New Jersey Statutory Update – Part I Banner Image

Healthcare Law Blog

New Jersey Statutory Update – Part I

October 19, 2023

Our next few postings will consist of several Parts highlighting New Jersey statutes that impact healthcare and have been approved by the New Jersey Legislature and Governor.

New Jersey Paves the Way for Family Members of a Medicaid Enrollee to Become a Certified Homemaker-Home Health Aide

The New Jersey Legislature and Governor approved Bill S1307 to establish a program in which a Medicaid or NJ FamilyCare enrollee’s family member may be certified by the New Jersey Board of Nursing as a homemaker-home health aide. The family member must complete all training, testing, and other criteria to qualify. The enrollee must be under 21 years of age and qualify to receive home care services under Medicaid or NJ FamilyCare. Once the family member is certified, they may provide homemaker-home health aide services through a home care services agency under the direction of a registered nurse.

Healthcare Facilities to Implement Surgical Smoke Evacuation Policies

Approved Bill A256 requires healthcare facilities defined under the Act to implement policies to prevent exposure to surgical smoke by utilizing a smoke evacuation system during any procedure that generates surgical smoke from a surgical device. Under the bill, the appropriate smoke evacuation systems should be designed to “capture, filter, or eliminate” surgical smoke before it makes contact with any individual.  The law took effect on July 11, 2023.

Healthcare Heroes Violence Prevention Act

The New Jersey Legislature and Governor approved Bill A3199 amending N.J.S.A. 2C:44-1 which now makes it a criminal offense to intentionally threaten healthcare professionals or volunteers in an effort to intimidate them or interfere with their work. Under the bill, a person who knowingly and willfully makes, sends, or delivers a threat against any healthcare professional, healthcare facility, employee of a healthcare facility, or volunteer is guilty of a disorderly persons offense. The penalties include up to 6 months in prison under N.J.S.A. 2C:43-8 and/or a fine up to $1,000 under N.J.S.A. 2C:43-3. Additionally, anyone convicted of assaulting a covered healthcare worker faces up to 12 months of an anger management course and up to thirty days of community service.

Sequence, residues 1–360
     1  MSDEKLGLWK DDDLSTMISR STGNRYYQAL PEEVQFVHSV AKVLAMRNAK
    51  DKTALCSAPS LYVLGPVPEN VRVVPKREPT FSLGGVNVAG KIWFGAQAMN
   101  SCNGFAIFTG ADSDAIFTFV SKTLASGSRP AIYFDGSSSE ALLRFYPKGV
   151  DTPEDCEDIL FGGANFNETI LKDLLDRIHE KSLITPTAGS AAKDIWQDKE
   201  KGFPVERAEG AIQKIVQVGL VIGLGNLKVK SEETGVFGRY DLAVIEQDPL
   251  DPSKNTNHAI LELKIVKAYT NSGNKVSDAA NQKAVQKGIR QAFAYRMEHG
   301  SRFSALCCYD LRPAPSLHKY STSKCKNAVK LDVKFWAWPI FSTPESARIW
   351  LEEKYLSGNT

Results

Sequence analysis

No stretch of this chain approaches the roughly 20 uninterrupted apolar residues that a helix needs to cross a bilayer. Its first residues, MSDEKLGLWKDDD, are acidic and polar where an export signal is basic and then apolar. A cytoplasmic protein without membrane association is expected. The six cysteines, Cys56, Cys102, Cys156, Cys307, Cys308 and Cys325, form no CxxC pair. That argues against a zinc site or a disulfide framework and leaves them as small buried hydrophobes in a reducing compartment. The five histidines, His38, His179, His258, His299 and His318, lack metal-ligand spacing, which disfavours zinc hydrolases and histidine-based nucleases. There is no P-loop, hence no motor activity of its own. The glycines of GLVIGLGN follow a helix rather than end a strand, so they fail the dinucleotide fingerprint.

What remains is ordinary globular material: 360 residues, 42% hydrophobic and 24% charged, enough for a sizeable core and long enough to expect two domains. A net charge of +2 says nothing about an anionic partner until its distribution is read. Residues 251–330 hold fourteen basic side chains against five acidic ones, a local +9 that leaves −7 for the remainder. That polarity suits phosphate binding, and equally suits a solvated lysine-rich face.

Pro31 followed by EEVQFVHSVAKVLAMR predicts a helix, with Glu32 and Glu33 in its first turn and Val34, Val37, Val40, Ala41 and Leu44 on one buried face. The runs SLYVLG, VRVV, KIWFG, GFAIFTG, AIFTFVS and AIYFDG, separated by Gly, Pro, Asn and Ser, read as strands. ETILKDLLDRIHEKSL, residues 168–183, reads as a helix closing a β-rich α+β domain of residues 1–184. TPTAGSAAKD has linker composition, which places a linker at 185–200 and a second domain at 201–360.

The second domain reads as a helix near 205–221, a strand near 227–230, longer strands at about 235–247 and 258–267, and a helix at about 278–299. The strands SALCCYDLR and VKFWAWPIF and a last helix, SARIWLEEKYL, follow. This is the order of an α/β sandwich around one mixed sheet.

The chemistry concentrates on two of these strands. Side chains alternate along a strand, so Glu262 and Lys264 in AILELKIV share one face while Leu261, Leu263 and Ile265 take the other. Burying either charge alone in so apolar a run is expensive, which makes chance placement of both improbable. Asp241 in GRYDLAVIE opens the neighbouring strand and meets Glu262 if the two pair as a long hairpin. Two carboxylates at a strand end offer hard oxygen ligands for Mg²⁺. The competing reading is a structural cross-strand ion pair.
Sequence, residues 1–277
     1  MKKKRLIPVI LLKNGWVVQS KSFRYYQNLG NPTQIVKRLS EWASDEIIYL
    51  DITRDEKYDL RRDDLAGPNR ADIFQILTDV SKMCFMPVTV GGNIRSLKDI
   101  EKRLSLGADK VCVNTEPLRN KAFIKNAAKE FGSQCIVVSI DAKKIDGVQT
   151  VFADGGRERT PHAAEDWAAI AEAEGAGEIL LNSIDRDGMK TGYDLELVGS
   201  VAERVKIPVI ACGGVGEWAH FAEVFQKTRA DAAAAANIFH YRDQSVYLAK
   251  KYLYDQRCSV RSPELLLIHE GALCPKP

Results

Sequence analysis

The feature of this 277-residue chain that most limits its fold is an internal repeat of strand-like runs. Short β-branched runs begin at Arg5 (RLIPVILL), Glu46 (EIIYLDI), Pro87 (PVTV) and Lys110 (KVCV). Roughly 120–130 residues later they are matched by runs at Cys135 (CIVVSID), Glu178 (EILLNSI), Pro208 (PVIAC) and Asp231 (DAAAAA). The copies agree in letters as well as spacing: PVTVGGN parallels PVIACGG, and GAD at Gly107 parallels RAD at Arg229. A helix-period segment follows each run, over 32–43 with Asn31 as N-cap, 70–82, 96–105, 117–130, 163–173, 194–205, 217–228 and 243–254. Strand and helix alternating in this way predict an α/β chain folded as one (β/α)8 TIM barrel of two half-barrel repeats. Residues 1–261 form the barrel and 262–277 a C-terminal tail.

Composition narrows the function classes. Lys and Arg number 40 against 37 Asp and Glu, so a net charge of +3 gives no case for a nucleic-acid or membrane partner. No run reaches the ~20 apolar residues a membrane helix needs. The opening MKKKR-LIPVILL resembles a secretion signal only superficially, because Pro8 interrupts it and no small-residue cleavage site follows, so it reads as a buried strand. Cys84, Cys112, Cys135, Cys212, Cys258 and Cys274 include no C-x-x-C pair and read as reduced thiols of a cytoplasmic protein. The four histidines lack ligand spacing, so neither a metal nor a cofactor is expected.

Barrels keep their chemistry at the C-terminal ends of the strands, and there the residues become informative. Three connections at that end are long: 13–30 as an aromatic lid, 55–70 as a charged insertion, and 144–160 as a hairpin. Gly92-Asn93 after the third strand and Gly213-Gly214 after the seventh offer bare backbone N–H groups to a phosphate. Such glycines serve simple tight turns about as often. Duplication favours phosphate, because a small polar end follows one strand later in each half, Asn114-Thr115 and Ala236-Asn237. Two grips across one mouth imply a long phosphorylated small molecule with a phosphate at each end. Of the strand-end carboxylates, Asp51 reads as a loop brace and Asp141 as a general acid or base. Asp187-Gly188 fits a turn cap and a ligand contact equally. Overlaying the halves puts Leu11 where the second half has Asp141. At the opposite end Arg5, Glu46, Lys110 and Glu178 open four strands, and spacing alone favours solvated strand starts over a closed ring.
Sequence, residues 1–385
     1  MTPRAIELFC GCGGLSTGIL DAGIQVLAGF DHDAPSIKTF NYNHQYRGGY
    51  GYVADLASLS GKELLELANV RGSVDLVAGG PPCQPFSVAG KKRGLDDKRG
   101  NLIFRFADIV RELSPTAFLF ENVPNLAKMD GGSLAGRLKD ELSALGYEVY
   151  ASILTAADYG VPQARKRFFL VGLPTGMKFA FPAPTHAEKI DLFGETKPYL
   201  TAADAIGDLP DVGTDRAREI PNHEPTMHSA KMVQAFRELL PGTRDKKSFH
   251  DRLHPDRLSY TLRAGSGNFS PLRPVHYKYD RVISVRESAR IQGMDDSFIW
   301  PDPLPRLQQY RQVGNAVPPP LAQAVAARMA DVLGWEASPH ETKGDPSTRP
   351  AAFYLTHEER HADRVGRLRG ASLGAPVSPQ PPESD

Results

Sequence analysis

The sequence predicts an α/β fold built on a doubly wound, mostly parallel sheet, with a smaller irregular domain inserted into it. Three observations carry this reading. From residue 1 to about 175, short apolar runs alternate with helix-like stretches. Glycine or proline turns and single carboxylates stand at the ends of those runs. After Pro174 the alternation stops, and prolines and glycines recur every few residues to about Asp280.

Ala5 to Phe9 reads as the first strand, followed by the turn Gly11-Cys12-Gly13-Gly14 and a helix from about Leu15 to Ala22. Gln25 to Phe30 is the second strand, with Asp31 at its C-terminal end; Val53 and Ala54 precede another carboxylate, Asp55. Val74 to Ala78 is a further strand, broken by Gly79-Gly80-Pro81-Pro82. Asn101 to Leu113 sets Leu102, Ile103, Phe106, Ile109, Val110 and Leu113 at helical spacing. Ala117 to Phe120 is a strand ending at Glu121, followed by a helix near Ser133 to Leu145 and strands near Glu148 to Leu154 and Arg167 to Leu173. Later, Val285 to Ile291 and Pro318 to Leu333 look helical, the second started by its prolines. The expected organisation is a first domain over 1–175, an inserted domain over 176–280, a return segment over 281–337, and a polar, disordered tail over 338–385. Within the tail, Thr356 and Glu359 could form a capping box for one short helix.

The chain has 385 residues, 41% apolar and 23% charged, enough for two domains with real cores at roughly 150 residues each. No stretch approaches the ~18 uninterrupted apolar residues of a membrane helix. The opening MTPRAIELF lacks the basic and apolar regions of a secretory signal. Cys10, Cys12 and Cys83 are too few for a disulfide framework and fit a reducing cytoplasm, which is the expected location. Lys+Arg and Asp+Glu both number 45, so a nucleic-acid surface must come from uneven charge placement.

New Jersey Creates Fund for Proceeds from Opioid Settlements to Address Epidemic

The New Jersey Legislature and Governor approved Bill S783 to establish an Opioid Recovery and Remediation Fund, which requires the State Treasurer to deposit into the fund the State’s share of moneys received from opioid litigation resolutions. The Bill also establishes an advisory council to consult with the Department of Human Services on the allocation and disbursement of the fund. The Bill aims to support treatment and recovery programs for opioid use disorders and other co-occurring substance use disorders or mental health conditions, as well as connections to care, supporting research, and educating law enforcement and first responders.

New Jersey Dedicates Permanent Commission to Improving Alzheimer’s and Dementia Care

Approved Bill S1033 establishes the Alzheimer’s and Dementia Care Long-Term Advisory Commission within the Department of Human Services to provide for ongoing evaluations of the State’s care system for Alzheimer’s disease and related dementia conditions. The Commission is charged with identifying methods to address the weaknesses in the care system and prepare to meet the increasing needs of people living with these disorders and evaluate existing programs, services, facilities, and agencies. The 12-member Commission will include medical professionals, caregivers, government representatives, and other industry professionals.

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